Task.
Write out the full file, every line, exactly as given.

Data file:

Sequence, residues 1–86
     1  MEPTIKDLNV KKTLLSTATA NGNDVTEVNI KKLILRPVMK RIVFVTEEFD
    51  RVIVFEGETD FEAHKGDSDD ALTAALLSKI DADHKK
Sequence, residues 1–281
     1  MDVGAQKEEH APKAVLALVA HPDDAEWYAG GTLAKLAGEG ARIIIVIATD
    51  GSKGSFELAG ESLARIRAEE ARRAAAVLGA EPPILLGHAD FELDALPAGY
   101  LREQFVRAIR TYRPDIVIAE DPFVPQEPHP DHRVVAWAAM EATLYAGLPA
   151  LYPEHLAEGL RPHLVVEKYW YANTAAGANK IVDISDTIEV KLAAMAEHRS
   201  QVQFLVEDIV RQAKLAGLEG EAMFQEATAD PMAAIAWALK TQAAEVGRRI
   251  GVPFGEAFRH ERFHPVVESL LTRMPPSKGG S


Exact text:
Sequence, residues 1–86
     1  MEPTIKDLNV KKTLLSTATA NGNDVTEVNI KKLILRPVMK RIVFVTEEFD
    51  RVIVFEGETD FEAHKGDSDD ALTAALLSKI DADHKK
Sequence, residues 1–281
     1  MDVGAQKEEH APKAVLALVA HPDDAEWYAG GTLAKLAGEG ARIIIVIATD
    51  GSKGSFELAG ESLARIRAEE ARRAAAVLGA EPPILLGHAD FELDALPAGY
   101  LREQFVRAIR TYRPDIVIAE DPFVPQEPHP DHRVVAWAAM EATLYAGLPA
   151  LYPEHLAEGL RPHLVVEKYW YANTAAGANK IVDISDTIEV KLAAMAEHRS
   201  QVQFLVEDIV RQAKLAGLEG EAMFQEATAD PMAAIAWALK TQAAEVGRRI
   251  GVPFGEAFRH ERFHPVVESL LTRMPPSKGG S